Other personal behaviors in indoor environments. Personal behaviors such as opening windows and using exhaust fans can have significant impacts on reducing exposures from activities such as paint stripping (Riley et al. 2000). Window-opening behaviors can have a strong effect on a home's air change rate; thus, this factor should be incorporated into exposure analyses when estimating human exposure to indoor air pollutants (Howard-Reed et al. 2002). Behaviors related to heating and cooling the building can also affect the air-exchange rate and the prevalence of microbial and chemical contaminants (Flannigan and Miller 2001). Common household water-use activities such as showering, clotheswashing, handwashing, bathing, dishwashing, and indirect shower exposure can increase indoor chemical exposures by inhalation of vaporized or aerosolized chemicals and by inadvertent ingestion of water. For example, some of the greatest increases in systemic exposure to trihalomethanes (THM) have been associated with showering (direct and indirect), bathing, and hand dishwashing (McKone 2005; Nuckols et al. 2005). Activities such as cooking, arts and crafts, cleaning floors, and painting can contribute to short-term increases in indoor VOC levels. Diminished VOC levels were achieved by turning on the air-conditioning system (Clobes et al. 1992). Activities shown to generate considerable amounts of indoor particulate matter include cooking, smoking, cleaning, sources such as cigarette side-stream smoke, pure wax candles, scented candles, a vacuum cleaner, an air-freshener spray, a flat iron (with or without steam) on a cotton sheet, electric radiators, and electric and gas stoves (Afshari et al. 2005).

A study by Ferro et al. (2004) of the personal, indoor, and outdoor particulate matter (PM) concentrations for a variety of prescribed human activities found that the activities that resulted in the highest exposures to PM with aerodynamic diameters ≥ 2.5 µm (PM2.5), ≥ 5 µm (PM5), and ≥ 10 µm (PM10) were those such as dry dusting, folding clothes and blankets, and making beds. Such activities disturbed dust reservoirs on furniture and textiles. The vigor of activity and type of flooring were also important factors for dust resuspension. The findings demonstrate that a wide variety of indoor human resuspension activities increases human exposure to PM and contributes to the "personal cloud" effect (Ferro et al. 2004).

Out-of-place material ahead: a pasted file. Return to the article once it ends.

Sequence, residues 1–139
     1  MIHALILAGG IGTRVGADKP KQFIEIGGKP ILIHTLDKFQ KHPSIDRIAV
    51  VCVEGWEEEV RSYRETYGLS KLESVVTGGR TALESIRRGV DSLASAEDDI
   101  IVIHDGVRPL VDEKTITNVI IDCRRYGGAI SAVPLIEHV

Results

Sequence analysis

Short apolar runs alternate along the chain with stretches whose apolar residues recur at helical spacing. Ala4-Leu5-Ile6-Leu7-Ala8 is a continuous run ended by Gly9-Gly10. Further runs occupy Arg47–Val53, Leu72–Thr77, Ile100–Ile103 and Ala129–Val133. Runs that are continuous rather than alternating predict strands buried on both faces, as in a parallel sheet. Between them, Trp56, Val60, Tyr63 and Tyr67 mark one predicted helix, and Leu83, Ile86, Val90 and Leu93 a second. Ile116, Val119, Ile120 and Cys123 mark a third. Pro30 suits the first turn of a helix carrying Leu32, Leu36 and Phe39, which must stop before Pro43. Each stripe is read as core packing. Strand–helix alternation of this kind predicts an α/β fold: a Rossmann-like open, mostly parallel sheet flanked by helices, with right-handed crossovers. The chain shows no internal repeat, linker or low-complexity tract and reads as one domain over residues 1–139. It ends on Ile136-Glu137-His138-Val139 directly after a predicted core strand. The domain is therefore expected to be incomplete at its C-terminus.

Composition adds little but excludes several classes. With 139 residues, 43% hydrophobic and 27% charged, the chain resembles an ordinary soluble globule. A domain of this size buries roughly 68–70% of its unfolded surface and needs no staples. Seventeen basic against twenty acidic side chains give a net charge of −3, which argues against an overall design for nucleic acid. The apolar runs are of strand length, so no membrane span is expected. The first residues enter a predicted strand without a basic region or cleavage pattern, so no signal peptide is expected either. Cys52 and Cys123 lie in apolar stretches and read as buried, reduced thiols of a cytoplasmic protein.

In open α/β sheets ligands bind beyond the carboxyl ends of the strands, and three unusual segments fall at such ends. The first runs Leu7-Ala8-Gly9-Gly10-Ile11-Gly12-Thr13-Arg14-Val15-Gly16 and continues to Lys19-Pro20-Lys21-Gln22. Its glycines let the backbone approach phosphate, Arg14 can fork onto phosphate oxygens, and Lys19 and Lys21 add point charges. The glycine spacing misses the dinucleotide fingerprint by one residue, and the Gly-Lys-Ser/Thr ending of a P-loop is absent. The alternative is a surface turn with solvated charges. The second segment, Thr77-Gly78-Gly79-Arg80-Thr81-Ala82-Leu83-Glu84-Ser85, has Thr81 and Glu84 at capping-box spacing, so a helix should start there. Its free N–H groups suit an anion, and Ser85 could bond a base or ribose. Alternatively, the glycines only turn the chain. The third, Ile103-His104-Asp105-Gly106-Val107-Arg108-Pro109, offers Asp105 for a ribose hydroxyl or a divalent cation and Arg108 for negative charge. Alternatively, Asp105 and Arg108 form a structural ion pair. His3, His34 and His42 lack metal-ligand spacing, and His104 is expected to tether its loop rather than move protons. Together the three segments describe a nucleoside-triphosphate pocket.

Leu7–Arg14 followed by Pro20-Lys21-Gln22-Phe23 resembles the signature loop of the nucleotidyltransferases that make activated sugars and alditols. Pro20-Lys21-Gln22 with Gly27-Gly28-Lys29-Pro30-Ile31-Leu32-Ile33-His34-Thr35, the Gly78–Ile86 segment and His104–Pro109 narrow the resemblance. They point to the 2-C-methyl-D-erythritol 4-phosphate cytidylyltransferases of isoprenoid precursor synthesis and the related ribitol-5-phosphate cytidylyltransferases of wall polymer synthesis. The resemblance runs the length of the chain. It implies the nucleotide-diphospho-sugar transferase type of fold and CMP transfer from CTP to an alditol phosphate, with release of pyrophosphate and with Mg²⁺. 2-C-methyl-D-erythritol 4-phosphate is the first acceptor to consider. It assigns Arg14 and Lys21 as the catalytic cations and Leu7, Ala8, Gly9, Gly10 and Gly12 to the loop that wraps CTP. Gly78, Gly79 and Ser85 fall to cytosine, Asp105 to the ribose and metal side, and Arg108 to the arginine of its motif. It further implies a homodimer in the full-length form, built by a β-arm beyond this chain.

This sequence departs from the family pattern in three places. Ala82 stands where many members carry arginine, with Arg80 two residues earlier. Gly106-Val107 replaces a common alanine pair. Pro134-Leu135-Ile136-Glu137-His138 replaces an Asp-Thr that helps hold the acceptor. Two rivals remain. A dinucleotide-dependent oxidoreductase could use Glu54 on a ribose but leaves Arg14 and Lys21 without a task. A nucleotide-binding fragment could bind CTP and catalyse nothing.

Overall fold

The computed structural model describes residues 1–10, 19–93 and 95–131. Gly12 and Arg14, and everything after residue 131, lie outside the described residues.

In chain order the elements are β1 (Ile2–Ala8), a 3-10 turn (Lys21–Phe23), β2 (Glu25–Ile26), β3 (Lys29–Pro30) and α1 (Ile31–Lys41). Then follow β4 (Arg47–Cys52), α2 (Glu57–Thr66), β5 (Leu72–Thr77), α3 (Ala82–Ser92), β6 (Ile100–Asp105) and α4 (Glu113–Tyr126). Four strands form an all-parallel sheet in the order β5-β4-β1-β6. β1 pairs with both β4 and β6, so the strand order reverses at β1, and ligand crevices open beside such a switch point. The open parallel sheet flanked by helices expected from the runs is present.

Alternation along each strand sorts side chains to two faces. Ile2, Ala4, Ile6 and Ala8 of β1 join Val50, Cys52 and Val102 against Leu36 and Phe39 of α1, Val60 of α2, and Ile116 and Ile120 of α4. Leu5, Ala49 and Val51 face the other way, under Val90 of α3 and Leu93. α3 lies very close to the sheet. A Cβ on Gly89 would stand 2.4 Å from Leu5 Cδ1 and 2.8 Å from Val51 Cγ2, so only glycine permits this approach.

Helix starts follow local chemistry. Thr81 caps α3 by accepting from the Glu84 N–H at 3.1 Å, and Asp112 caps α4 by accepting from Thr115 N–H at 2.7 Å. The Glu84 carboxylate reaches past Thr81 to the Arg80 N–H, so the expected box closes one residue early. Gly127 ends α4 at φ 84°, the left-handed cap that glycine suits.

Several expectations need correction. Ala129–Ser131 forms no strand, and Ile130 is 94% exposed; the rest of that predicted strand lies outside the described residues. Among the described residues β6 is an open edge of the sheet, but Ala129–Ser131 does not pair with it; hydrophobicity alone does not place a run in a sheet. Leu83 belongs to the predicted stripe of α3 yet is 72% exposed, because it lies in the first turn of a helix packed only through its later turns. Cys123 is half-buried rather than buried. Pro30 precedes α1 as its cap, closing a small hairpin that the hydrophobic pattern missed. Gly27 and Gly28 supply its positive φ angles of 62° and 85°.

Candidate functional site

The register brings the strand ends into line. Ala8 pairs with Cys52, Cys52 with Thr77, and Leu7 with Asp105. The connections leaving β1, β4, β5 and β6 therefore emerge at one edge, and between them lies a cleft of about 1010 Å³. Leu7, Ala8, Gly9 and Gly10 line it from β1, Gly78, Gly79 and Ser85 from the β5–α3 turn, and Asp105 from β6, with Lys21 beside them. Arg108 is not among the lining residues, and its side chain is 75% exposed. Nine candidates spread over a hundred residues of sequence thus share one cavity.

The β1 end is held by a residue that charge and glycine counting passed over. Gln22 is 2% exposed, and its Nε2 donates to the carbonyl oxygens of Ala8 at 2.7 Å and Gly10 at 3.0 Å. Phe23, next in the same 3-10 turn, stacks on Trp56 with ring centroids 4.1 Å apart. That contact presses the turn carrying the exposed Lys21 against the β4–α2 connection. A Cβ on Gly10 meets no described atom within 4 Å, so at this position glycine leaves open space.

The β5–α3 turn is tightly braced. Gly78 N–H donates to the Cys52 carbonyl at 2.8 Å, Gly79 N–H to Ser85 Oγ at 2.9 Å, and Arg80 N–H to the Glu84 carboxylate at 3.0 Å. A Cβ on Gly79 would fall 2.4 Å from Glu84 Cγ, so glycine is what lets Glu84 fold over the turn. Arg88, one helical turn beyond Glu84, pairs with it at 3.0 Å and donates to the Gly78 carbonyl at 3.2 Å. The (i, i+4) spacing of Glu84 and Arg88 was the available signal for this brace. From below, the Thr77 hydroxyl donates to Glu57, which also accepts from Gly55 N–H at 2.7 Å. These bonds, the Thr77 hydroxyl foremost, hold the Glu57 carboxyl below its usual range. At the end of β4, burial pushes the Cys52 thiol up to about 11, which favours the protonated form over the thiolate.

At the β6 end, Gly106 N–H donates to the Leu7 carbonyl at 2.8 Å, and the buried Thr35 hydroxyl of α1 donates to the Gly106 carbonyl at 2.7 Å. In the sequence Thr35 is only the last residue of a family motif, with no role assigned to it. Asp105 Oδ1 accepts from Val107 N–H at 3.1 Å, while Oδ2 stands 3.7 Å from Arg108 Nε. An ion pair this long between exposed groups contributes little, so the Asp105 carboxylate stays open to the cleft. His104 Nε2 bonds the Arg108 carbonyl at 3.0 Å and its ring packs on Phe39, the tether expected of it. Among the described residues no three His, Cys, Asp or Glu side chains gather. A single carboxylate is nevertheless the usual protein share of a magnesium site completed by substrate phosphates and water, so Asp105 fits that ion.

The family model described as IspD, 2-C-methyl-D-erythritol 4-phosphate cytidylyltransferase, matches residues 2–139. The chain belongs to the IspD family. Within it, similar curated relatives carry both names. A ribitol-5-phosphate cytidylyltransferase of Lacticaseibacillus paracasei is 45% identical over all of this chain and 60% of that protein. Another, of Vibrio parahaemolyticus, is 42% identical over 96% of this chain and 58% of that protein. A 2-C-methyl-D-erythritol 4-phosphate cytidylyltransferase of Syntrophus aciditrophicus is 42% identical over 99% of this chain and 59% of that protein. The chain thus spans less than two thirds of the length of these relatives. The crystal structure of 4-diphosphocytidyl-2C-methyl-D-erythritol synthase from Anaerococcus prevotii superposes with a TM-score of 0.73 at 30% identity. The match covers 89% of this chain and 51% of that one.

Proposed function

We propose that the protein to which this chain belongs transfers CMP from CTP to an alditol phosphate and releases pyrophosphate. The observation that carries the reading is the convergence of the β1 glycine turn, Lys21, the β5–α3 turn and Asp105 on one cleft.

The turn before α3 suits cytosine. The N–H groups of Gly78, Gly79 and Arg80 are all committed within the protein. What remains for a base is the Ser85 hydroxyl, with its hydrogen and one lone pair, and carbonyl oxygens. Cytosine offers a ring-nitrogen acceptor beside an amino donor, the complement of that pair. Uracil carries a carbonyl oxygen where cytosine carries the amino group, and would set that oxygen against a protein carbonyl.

Consumer products and their use in residences. Various household products can be used alone or together with other products for cleaning, cosmetics, or a variety of other purposes. Consumer studies have found that there can be large intra- as well as interindividual variation in the frequency, duration, and amount of use of products such as dishwashing detergents, pesticides, cleaning products, and hair-styling products (Weegels and van Veen 2001). Common household activities can raise exposures to volatile organic chemicals (VOCs) up to a factor of 100 compared with exposures during the sleep period and far above the highest observed outdoor concentrations. Major associations of consumer products with particular indoor chemical exposures include deodorizers and the level of p-dichlorobenzene, dishwasher and laundry detergents and the level of chloroform, smoking and the levels of benzene and styrene, and painting and using paint remover and the levels of n-decane and n-undecane (Wallace et al. 1989).

Moreover, combinations of consumer products, or a mix of consumer products with outdoor air, can produce respiratory tract irritants. Cleaning agents and air fresheners can contain chemicals that react with other air contaminants to yield potentially harmful secondary products. For example, terpenes from consumer products can react with ozone in indoor air to generate secondary pollutants (Clausen et al. 2001; Nazaroff and Weschler 2004).

Home furnishings and decorating. Decisions about home furnishings and decoration, such as the types of furniture purchased, the presence of carpets and curtains in various rooms, and remodeling choices, can also affect indoor contaminant exposures. For example, the remodeling of a residence and the adoption of energy conservation methods can reduce ventilation and increase relative humidity. The changes in these factors could increase the levels of dust, dust mites, molds, VOCs, and other indoor air pollutants (Roberts and Dickey 1995).